Remembering David Tudor: A 75th Anniversary Memoir

Mills College and the First Laser Light Show, 1968–1969

Upon the completion of my graduate work at the University of Toronto in 1968, Nora and I moved to Oakland, California. I accepted the position of “Artistic Director” of the Tape Music Center (TMC) at Mills College; Tony Gnazzo was already there as “Technical Director.” One autumn day, Gnazzo received a telephone call from Professor Carson D. Jeffries of the physics department at the University of California, Berkeley (UCB). In addition to his very impressive research and teaching career as a physicist, Professor Jeffries was an avid designer and builder of kinetic sculptures. He wanted to try his hand at the TMC’s Buchla synthesizer to make electronic sounds to accompany the presentation of his works. Gnazzo invited him, and my acquaintance with this remarkable man began. C.D. Jeffries was born in Lake Charles, Louisiana on 20 March 1922, received his Ph.D. in physics from Stanford University in 1951, and taught in the UCB physics department from 1952 until his retirement in 1992. He died of a brain tumor at his home in Oakland on 18 October 1995.

I soon had the chance to tell Carson D. Jeffries about my ideas for using laser beams and x–y scanning to create large–scale multi–color displays from audio materials. I was already familiar with strip–chart recorders employing light–beam galvanometers, and I proposed to Carson D. Jeffries that a pair of those mirror galvanometers mounted in a 90° tandem arrangement would permit real–time x–y scanning, and large–scale projections, when used with a laser as light source. He became immediately interested, opened his palms, brought them close together, and moved them in opposite directions – as though they were mirror galvanometers. He then exclaimed, “Yes, that should work!”

Merce Cunningham and Dance Company, including John Cage and David Tudor as musicians, appeared at Zellerbach Hall on the Berkeley campus 9–10 November 1968. David Tudor stayed with Nora and me instead of with the rest of the dance group at a hotel. He had discovered Nora’s talents as an excellent cook – and he liked my bartending capabilities. We took good care of David Tudor at our Oakland and Iowa City dwellings on many occasions over the next decade. At our Oakland apartment I told David Tudor about my plans for laser performances and my discussions with Carson D. Jeffries. In response, he told me about the possibility that Billy Klčver and E.A.T., Inc. might become involved with Pepsi–Cola in outfitting an “art and technology” pavilion for the upcoming 1970 World Exhibition, Expo ’70, in Osaka, Japan. He hinted that a laser or lasers might become part of the installation. Furthermore, a laser scientist named Elsa Garmire at the California Institute of Technology in Pasadena had suggested that colored beams could be made to rotate inside the space, possibly reflected from a mirror ball. David Tudor and I were a bit cautious about our respective thought processes that November, especially when I told him that a rotating mirror ball scheme for use with colored beams was a trivial idea, whether proposed by a laser scientist or not. He informed me that he was to be one of four “Core Artists” supervising E.A.T.’s installations at the pavilion, including the audio system and probably, lasers. I was moderately interested in the concept of an art–technology pavilion at the time, but I was much more interested in developing an x–y laser projector with Carson D. Jeffries.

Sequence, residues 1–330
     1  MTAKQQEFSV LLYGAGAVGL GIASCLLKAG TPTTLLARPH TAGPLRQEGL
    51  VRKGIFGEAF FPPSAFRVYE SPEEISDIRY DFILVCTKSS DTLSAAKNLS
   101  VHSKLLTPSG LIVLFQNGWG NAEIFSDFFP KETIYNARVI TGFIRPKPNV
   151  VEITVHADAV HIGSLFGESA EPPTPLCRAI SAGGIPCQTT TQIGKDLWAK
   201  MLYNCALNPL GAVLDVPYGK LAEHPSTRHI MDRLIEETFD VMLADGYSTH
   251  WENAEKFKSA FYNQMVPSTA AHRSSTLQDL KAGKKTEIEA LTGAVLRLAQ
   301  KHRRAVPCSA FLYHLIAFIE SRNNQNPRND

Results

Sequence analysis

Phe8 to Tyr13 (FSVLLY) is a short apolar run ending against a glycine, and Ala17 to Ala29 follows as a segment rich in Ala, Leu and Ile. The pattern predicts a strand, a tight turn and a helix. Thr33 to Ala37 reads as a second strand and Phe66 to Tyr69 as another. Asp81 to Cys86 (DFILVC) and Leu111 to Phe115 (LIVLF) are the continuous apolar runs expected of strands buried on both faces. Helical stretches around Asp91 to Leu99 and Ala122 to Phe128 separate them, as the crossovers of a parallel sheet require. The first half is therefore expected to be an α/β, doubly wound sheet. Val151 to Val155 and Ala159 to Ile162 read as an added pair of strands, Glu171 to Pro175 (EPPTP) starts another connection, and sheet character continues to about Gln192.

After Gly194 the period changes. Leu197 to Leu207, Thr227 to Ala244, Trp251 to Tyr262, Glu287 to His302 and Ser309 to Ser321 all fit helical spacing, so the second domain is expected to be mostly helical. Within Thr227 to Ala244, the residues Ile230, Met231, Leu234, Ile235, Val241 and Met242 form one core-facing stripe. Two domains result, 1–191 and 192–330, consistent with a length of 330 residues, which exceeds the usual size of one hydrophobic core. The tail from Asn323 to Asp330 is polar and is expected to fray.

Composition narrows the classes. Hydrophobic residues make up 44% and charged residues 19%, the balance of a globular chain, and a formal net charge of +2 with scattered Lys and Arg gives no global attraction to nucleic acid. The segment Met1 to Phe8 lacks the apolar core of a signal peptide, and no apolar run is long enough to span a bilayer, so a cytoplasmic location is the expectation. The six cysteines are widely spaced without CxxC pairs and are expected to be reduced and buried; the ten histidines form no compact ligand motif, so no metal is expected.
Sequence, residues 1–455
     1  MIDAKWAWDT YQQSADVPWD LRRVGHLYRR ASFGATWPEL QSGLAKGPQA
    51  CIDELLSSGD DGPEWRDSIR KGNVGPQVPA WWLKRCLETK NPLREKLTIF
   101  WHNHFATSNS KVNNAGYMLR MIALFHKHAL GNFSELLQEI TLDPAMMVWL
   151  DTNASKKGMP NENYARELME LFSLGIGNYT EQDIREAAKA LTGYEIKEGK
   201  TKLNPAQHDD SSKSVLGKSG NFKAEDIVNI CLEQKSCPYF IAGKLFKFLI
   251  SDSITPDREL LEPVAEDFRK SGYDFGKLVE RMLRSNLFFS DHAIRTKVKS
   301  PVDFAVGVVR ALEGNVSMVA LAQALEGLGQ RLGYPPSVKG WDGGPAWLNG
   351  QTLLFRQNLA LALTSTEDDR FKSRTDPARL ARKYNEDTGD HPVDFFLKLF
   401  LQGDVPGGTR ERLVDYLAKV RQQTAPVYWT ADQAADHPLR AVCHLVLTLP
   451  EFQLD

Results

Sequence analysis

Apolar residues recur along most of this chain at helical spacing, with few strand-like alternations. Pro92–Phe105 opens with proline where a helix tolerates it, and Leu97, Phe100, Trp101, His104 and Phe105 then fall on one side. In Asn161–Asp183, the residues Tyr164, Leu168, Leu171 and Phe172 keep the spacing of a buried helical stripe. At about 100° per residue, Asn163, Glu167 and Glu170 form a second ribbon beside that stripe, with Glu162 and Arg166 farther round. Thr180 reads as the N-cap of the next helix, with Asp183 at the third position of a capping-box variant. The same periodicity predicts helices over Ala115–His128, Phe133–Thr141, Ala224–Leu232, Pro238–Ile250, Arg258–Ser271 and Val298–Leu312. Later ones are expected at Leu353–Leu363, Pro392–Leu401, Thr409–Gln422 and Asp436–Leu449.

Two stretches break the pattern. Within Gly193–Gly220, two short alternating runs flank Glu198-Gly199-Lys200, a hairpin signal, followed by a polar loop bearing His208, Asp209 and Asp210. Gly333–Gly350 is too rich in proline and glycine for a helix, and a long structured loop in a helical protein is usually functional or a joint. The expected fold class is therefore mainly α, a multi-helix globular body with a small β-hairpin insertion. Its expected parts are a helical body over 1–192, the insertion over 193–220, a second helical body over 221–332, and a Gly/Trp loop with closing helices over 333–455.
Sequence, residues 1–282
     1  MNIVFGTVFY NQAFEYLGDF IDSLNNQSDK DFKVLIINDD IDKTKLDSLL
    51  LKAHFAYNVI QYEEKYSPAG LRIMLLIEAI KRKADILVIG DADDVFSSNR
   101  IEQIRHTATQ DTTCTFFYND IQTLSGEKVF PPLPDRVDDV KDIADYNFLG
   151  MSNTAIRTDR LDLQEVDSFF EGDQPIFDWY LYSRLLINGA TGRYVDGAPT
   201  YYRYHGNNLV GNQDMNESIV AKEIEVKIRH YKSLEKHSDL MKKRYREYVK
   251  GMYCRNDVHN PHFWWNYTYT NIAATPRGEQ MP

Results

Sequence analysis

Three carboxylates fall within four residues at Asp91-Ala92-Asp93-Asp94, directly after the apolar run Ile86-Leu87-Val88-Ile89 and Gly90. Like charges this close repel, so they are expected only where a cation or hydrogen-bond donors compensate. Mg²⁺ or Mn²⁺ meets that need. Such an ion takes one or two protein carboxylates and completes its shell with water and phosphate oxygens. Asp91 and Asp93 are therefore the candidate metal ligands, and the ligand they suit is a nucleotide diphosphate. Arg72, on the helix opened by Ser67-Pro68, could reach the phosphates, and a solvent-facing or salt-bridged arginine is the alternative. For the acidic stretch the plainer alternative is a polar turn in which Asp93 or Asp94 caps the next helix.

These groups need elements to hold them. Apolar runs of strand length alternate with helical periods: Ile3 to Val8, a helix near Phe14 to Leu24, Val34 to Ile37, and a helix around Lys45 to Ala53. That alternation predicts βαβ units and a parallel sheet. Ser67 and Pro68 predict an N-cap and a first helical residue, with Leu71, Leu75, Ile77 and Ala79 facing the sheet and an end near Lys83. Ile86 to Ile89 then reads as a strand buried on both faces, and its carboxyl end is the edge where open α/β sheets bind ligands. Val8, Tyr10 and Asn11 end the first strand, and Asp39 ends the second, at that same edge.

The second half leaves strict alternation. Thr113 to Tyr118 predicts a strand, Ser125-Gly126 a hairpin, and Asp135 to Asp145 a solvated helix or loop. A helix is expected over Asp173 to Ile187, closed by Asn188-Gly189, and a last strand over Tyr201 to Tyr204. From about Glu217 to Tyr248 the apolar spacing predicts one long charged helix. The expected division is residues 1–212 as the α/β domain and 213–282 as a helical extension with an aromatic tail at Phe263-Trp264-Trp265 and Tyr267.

Fig. 9

Fig. 9, Lowell Cross and David Tudor setting up for the first laser light show.

My short–lived appointment at Mills (which the college administration abruptly terminated at the end of the 1968–1969 academic year) had as its culmination the very first multi–color laser light show with x–y scanning. We presented it on the evening of 9 May 1969 in the outdoor Greek Theatre behind the music building on the Mills campus. Carson D. Jeffries and I spent several months planning, designing and constructing specialized mounting hardware, and collecting equipment, much of it borrowed from high–tech firms in the Bay Area such as Honeywell (mirror galvanometers and amplifiers) and Coherent Radiation Laboratories (a krypton laser). I have documented this activity in “Audio/Video/Laser,” Source, music of the avant garde, issue No. 8 (1970); and in “The Audio Control of Laser Displays,” db, the Sound Engineering Magazine, Vol. 15, No. 7 (July 1981). I invited David Tudor to join me as a composer–collaborator for this final event of the TMC’s concert season (see Fig. 9, Lowell Cross and David Tudor setting up for the first laser light show).

The works on that concert were Patrick Gleeson’s Public Roads (1969), Darius Milhaud’s Étude Poétique (1954, receiving its first public performance 15 years after its completion), an intermission feature by Anthony J. Gnazzo, and the Cross–Tudor collaboration, Audio/Video/Laser. Carson D. Jeffries and I named our equipment VIDEO/LASER, which, according to the TMC program notes, was “a pilot project for a proposed laser–generated display system for the Pepsi–Cola [...] Pavilion at the Osaka [1970] World Exhibition.” By this time, David Tudor in his role as an E.A.T. “Core Artist” was committed to a multi–color x–y laser system for the Pepsi–Cola Pavilion. As usual, he stayed with Nora and me at our Oakland apartment during those heady, memorable days in May 1969.